By Vinay Sharma, Regional Director, India and SAARC, NETSCOUT
Government agencies, Corporate sector and Academia are going digital in today’s ‘online everything’ times. The IT and Network infrastructures are expanding, delivering operational excellence and superior customer experience. However, these developments are unfortunately associated with challenges related to cyber-security. Yes, today we are witnessing the rapid expansion of the cyber-threat landscape as well, prompting organisations to put in place robust cyber-security measures.
Among many types of security attacks, Distributed Denial of Service (DDoS) is among the more prevalent ones. The increase in these are seen since the onset of the pandemic in 2020 leading to loss in sales and customers besides negatively impacting employee productivity and hurting the brand.
DDoS attacks are malicious attempts made by cybercriminals to prevent legitimate users from accessing the network and servers as they are overwhelmed with a flood of network traffic. Malicious opportunities have triggered the rise in constant attacker innovation too, fueling the already growing cyber-security crisis across sectors.
According to NETSCOUT’s ATLAS Security Engineering and Response Team (ASERT), adversaries launched approximately 5.4 million DDoS attacks in the first half of 2021, an 11% increase from the same period in 2020. However, DDoS attack activity calmed down in the second quarter of 2021. Although the attack frequency has dropped, we are still well above the numbers that were considered normal prior to the onset of the pandemic.
New attack vectors exploit abusable commercial and open-source User Datagram Protocol (UDP) services and applications. The number of vectors used in multi-vector DDoS attacks is rising significantly with new adaptive DDoS techniques evading traditional defenses. The global connectivity supply chain is increasingly coming under attack as cyber-criminals are focusing on DNS servers, Virtual Private Network (VPN) concentrators and services besides internet exchanges. Internet Service Providers (ISPs) faced DDoS Extortion Attacks too. Cybercriminals add DDoS to their toolkit to launch triple extortion campaigns. Botnets contributed significantly to the larger DDoS threat landscape. Botnet attacks are large scale cyber-attacks that are carried out by devices which are infected by malware and controlled remotely. India is among the top countries with most DDoS botted nodes only after China and Mirai is the malware or top Botnet that infects smart and networked devices.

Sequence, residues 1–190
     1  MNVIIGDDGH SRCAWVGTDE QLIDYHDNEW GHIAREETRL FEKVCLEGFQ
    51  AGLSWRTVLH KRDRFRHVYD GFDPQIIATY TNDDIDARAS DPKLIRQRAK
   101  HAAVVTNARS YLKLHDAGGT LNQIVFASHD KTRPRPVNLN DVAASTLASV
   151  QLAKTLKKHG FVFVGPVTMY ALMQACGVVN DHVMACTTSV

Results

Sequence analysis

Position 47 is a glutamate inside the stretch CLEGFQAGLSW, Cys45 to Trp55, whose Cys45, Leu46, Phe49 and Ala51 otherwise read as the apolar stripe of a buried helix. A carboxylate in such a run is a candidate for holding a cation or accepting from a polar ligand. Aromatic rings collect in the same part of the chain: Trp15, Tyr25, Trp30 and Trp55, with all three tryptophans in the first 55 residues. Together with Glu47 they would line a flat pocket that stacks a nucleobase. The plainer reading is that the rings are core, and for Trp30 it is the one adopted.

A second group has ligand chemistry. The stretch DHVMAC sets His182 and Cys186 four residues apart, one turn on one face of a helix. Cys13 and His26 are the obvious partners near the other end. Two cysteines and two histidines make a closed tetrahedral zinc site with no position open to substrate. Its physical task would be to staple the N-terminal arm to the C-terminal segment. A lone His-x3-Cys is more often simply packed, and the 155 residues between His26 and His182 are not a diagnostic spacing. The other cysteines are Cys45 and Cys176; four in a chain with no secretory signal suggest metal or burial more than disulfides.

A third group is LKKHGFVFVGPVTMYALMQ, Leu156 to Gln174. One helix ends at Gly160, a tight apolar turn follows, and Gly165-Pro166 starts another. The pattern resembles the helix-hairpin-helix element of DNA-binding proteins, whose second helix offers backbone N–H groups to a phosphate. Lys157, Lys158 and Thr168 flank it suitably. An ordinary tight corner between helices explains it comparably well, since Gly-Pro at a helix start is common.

In India, the cyber-attacks were made on several industry sectors, such as, Wireless Telecommunications Carriers except Satellite), Wired Telecommunications Carriers, Data Processing, Hosting + Related Services, Electronic Shopping + Mail-Order Houses, All other Telecommunications, Electronic Computer Manufacturing, Investment Banking + Securities Banking, Internet Publishing, Broadcasting + Web Search Portals, Software Publishers and all other Professional, Scientific + Technical Services.
In the fast evolving IT landscape, it is imperative to create a comprehensive plan for DDoS mitigation to ensure flawless working of IT and Network infrastructures in organisations of all sizes. Care should be taken to address attackers attempting to enter VPN gateways with commonly used, guessable names, impacting productivity. Critical and non-critical resources that are exposed to the internet have to be defined and brought under active protection net. Perimeter-based DDoS protection is important too with the prevalence of remote-working culture.
The industry can make significant strides in DDoS protection if all stakeholders can collaborate and co-ordinate. The collaboration will fall under three categories. ISP to ISP collaboration, where a fully integrated inter-network signaling mechanism that allows network operators to share attack attributes and co-ordinate defenses spanning network boundaries to collectively stop DDoS attacks nearer to their source.
Customer to ISP collaboration is done via on-premises solution that can share attack attributes with upstream ISPs. The upstream providers can use the identified attack attributes to create counter measures within their systems and further share those with their peers and other customers.
Sharing Threat Intelligence supports the DDoS defense community as a whole, where stakeholders can use a system to curate and send anonymous attack statistics to other players in the community. Providing of information about observed DDoS attacks and other forms of observed cyber-threat activity.
Cybercrimes and DDoS threat landscape will only grow more complex, with new attack vectors ready to exploit the vulnerabilities in the digital ecosystem. It is key for the security teams to remain vigilant all the time and protect the critical infrastructure that is currently driving the modern digital economy. Organisations have to continue to update their DDoS defense plan that consists of organic mitigation capacity along with opting to partner skilled commercial DDoS mitigation service providers